Horses and Bulls and Why I Don’t Celebrate St. Patrick’s Day

Yesterday was St. Patrick’s Day. You couldn’t escape it in downtown Toronto because every pub in my neighbourhood cranked out the Van Morrison while party people dressed in green, drank green beer and drank green shots until their skin matched their clothes.

I used to stand among them. I used to sneak out of work early whenever St. Patrick’s Day landed on a weekday and rushed myself to the nearest Irish pub before the massive crowd arrived. I used to elbow my way to the front of the line-up and desperately tried to catch the attention of the disinterested bartender pouring substandard pints of Guinness.

I used to…

But then I stopped.

And here’s why…

Bands, Bulls, and London Part 1: The Irish

In 2008, I was in London for a week researching locations and generating ideas for a future book. During my stay, St. Patrick’s Day arrived in all its green glory. But not one single English pub that day was draped in green. And certainly no one was uncouth enough to serve green beer. And I didn’t hear any Van Morrison songs.

I finally asked a bartender, “Isn’t today St. Patrick’s Day?”

“Yeah, so?”

“Well, don’t you guys celebrate it here?”

“Why the hell would I celebrate with the Irish? I’m not Irish. Let them all go home and get drunk with each other. And good riddance to them!”

Fair enough. Now I love the Irish. One of my favourite birthday celebrations was in 2007 when I went pub crawling in Kilkenny.

But I am not technically Irish. So why was I going around pretending I’m Irish for one day a year dressed like a leprechaun and drinking beer with food colouring in it? I don’t wear a kilt on Robbie Burns Day. I don’t wear lederhosen during Oktoberfest. And I don’t wear wooden shoes on the Dutch Queen’s Birthday.

The rude English bartender had a point.

Bullets, Butterflies, and Italy: The Italians

I certainly learned my lesson back in Italy not to expect to participate too intimately in local festivals when I observed Siena’s horse race festival, the Palio.

I mention my experience in Bullets, Butterflies, and Italy on pages 201 & 202:

“…I pieced together what I could about the previous days’ activities from the scattered newspapers on the bar, the disenchanted bartender, and the occasional customer who stood beside me to inquire about food and drink. But as the teen wearing the U2 tour shirt said, ‘The Palio has nothing to do with you.'”

Then again on pages 219 & 220:

“…The rest of Torre scattered to prepare for the Palio.

No one had accounted for me throughout that entire afternoon. Not a handshake, a touch, a wink, a welcome smile, or even a knowing glance. I clearly wasn’t in Torre’s embrace. I could watch, but I couldn’t interact or participate. My presence meant nothing to anyone. Dead or alive, I was equally insignificant…

…So I chose not to walk with the contrada to the Piazza del Campo. That was for them and them alone. But perhaps a handshake would have changed my mind. Or a touch. Or a wink. Or a welcome smile. Or even a knowing glance.”

Bands, Bulls, and London Part 2: The Spanish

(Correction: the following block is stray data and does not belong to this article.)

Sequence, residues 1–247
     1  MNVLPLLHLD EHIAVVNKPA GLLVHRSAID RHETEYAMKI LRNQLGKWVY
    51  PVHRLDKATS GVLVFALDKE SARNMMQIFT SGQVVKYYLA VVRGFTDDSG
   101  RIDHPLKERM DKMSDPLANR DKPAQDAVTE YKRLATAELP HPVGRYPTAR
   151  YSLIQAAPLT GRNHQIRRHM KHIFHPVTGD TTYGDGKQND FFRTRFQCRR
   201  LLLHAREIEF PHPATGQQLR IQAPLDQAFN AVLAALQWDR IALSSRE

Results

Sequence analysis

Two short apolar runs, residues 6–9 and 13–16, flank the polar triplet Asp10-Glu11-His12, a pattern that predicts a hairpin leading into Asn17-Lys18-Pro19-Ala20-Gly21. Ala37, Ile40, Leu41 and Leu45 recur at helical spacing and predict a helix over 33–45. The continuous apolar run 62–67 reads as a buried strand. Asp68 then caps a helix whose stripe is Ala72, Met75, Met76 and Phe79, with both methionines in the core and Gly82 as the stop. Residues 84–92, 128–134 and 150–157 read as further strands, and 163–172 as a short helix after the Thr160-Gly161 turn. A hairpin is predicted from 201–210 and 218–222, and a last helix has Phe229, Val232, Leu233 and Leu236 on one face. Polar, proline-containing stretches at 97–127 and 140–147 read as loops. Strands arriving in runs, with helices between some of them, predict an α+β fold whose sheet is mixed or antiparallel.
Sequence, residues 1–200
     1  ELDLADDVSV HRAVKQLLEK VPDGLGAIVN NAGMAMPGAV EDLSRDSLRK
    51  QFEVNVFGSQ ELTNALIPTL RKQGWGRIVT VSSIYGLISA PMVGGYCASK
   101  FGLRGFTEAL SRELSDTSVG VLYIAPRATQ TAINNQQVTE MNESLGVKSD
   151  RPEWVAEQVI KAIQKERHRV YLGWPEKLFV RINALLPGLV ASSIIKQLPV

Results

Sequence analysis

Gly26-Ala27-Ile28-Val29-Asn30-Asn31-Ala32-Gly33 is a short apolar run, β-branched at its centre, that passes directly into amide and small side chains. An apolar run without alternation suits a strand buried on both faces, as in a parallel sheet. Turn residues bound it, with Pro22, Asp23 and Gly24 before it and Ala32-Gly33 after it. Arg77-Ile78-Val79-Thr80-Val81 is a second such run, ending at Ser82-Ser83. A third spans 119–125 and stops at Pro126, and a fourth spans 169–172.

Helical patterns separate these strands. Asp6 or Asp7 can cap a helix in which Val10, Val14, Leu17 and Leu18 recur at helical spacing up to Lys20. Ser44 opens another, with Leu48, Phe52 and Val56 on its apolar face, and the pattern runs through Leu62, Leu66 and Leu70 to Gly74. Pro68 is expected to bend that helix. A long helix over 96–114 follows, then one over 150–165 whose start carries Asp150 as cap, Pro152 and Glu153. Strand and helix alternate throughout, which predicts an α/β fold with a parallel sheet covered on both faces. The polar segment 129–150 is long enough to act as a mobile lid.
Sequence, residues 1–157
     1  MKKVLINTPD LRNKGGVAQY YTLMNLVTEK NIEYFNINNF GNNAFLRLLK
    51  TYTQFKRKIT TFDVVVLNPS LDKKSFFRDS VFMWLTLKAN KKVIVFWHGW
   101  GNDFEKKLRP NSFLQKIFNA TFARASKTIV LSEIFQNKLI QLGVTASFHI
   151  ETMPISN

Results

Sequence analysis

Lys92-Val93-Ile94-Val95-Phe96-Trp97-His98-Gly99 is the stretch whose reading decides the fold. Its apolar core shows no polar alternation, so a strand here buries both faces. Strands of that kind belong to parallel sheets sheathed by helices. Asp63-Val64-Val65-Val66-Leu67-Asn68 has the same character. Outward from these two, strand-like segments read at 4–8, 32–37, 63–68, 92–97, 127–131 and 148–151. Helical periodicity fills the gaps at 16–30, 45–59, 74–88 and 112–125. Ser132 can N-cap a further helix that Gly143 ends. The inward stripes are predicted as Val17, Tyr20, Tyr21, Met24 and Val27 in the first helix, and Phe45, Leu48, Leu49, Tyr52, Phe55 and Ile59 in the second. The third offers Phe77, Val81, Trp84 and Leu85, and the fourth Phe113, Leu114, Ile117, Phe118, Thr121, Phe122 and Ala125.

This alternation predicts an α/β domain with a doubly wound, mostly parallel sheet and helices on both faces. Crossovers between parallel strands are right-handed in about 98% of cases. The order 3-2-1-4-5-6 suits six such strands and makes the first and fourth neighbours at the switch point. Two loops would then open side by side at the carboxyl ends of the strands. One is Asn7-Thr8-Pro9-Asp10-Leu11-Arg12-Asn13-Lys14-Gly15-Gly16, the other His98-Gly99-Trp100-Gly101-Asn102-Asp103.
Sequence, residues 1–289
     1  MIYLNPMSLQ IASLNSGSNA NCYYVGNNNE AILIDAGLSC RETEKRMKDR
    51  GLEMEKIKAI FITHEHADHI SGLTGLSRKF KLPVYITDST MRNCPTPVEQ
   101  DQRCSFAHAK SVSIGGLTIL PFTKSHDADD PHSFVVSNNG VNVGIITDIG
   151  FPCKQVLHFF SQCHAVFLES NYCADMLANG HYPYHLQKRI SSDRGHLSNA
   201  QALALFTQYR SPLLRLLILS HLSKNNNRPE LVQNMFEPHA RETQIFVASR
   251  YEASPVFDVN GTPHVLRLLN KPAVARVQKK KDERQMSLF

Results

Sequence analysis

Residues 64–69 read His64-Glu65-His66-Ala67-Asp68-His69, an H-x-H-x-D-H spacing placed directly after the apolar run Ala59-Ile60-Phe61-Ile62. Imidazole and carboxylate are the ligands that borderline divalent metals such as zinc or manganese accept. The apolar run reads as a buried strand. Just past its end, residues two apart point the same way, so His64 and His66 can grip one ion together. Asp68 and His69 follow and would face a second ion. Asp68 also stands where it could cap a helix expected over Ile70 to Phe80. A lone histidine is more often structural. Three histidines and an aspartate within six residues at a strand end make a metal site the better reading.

So while the Italians ignored me, the exact opposite occurred during Pamplona’s San Fermin Festival in 2009.

I currently mention my experience in the upcoming Bands, Bulls, and London on page 265:

“…The air was thick with a palpable positive energy—and it was strictly adult. Everyone was smiling; every man was walking with a spring in his step; every woman was skipping and laughing. And everyone carried their own bottle of champagne or cheap store-bought sangria.”

Then again on page on 267:

“…And if you planned on keeping your clothes clean, forget it! It was a war out there. Within seconds of stepping into the square, I was sprayed with sangria and champagne. And pelted with eggs. And splattered with bags of flour.

And it came from all directions. From the people standing next to me. From the people standing far ahead of me. From the people standing far behind me. And especially from the people standing on the apartment balconies above the Plaza de Consistorial.

It was a sadistic sport. Hey, your shirt looks too clean. Pow! How do you like some eggs to go with that flour? Plop!

So what are you going to do about it? Get angry? No. You don’t like it? Leave.

Soon the sticky mess felt like a badge of honor. And it really didn’t last. Because the people standing on the apartment balconies also poured out buckets of cold tap water onto our sorry heads.

At ten twenty in the morning, we wore crisp white T-shirts. By eleven, we were repeatedly covered in breakfast food and subsequently doused by the good people of Pamplona.”


So I decided to no longer celebrate St. Patrick’s Day…not in Canada, anyway. Simply because I’m not Irish.

But the rules are completely different when you party abroad.

So if you go to Siena’s Palio Festival in Italy, you will be ignored.

And if you go to Pamplona’s San Fermin Festival in Spain, you will be pelted by food.

And if you go to St. Patrick’s Day in Ireland, you’ll probably wear green and drink Guinness. But don’t expect an Englishman to join you.

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